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Southern Exposition

The elegant neighborhood now known as Old Louisville, where the annual St. James Court Art Show is held, is located on the site of a show that helped launch Louisville into a new era.

The Southern Exposition, the largest single display of agricultural machinery ever held, opened in Louisville on August 1, 1883 with a ceremony officiated by President Chester A. Arthur. It featured more than 1,500 commercial and mercantile attractions, plus a promenade, an art gallery, a picnic ground, and music. The grounds for the exhibition, approximately 45 acres, included land where St. James and Belgravia courts and Central Park now stand. The main building alone covered nearly 10 acres.

The event also featured the largest display of Thomas Edisonís new incandescent light bulb up to that time, with a total of 4,600 lamps.

The Southern Exposition was a commercial and social event that rivaled the international world fairs of its day. More than 770,000 people attended in just the first 88 days, and the number was near one million by the end of the initial 100-day run. The exposition was originally intended to close after that, but it ended up being staged annually through 1887, when it finally ran its course. The site was cleared for residential development in 1889.

More facts about the Southern Exposition:

  • The 4,600 Edison lamps that lit the Southern Exposition outnumbered those in use in the entire city of New York at the time.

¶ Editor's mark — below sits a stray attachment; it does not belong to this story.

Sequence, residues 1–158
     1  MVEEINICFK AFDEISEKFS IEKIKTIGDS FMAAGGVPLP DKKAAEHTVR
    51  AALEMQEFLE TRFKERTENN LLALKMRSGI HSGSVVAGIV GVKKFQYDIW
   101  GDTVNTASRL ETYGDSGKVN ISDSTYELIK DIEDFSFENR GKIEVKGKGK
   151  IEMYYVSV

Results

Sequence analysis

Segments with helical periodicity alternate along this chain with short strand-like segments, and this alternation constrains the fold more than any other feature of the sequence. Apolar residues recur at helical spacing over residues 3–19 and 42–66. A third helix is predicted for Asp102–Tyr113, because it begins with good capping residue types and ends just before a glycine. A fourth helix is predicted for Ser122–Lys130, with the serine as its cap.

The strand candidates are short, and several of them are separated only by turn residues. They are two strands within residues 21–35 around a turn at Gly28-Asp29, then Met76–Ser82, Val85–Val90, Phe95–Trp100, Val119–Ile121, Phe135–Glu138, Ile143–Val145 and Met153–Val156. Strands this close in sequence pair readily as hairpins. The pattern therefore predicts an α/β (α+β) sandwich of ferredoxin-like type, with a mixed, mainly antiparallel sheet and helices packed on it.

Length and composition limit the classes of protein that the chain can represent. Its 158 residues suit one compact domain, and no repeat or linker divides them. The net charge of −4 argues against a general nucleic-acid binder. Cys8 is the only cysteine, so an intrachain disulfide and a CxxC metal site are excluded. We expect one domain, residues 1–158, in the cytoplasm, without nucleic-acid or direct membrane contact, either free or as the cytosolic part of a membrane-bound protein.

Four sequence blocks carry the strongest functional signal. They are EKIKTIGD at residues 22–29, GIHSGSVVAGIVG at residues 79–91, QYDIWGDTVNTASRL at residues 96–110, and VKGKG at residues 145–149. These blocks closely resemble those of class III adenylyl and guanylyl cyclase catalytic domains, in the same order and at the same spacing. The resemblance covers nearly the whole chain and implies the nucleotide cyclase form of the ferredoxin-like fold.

• The expo included an electric railway, a precursor of the electric trolley. Such trolleys would not appear on Louisville streets until six years later.
  • According to the Encyclopedia of Louisville, attractions added to the expo through the years included fireworks, a roller coaster, and a racetrack where some of Louisvilleís first bicycle races were held.
  • The year after the Southern Exposition closed its doors, the main building was used for a large floral exposition.
  • The demise of the Southern Exposition led to a major recycling project. Salvaged material from the expo was later used to build a 3,000-seat auditorium at Fourth and Hill streets.
  • The Filson Historical Society has several rare artifacts and items from the Southern Exposition in its collections. Some of them are displayed at the Filsonís carriage house museum on Third Street.
Program 201
Newly retired Brown-Forman executive Owsley Brown II, YouthBuild Louisville, The Kentucky Center Governor's School for the Arts, the history of Louisville's Southern Expo, and an interview with Kevin Kouba, president of Old Louisville Chamber of Commerce. (#201)